In chapter one of his book, Loewen defines heroification as doing the following:
Through this process, our educational media turn flesh-and-blood individuals into pious, perfect creatures without conflicts, pain, credibility, or human interest.
Loewen, for example, discusses the way history classrooms and texts often elide (omit) Helen Keller's long commitment to socialism to focus on her as a child who overcame adversity and became a "humanitarian." In fact, she helped found the ACLU when supporting free speech was a radical stance, gave generously to the NAACP in a time before supporting civil rights was popular, supported Eugene Debs (a socialist candidate for president), and wrote to imprisoned communists. All of this is erased from standard histories because it is uncomfortable—but doing so distorts the truth and replaces a true story with a false one that happens to be more pleasant for most people to believe in.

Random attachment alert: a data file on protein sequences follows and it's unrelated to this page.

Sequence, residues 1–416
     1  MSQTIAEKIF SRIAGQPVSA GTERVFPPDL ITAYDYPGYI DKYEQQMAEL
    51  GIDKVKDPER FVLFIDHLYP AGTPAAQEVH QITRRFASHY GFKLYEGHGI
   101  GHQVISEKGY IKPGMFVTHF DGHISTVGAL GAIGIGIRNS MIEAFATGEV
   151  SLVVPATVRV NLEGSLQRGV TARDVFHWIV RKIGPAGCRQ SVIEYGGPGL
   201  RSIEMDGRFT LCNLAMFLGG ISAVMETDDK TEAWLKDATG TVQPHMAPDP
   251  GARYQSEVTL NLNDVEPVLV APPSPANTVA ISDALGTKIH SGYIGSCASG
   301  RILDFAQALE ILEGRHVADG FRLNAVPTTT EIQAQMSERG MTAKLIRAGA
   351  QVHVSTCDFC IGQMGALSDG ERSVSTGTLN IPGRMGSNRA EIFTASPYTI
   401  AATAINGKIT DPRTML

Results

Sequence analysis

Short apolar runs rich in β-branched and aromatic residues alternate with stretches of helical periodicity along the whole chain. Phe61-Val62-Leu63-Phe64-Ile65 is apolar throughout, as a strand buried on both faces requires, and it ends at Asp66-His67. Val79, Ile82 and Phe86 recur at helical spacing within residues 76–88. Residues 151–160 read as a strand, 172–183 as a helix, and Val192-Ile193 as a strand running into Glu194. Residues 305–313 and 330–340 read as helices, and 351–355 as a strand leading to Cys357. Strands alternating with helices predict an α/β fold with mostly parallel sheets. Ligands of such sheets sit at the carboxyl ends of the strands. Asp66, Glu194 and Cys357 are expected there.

Likewise, Loewen shows that though President Wilson is often...
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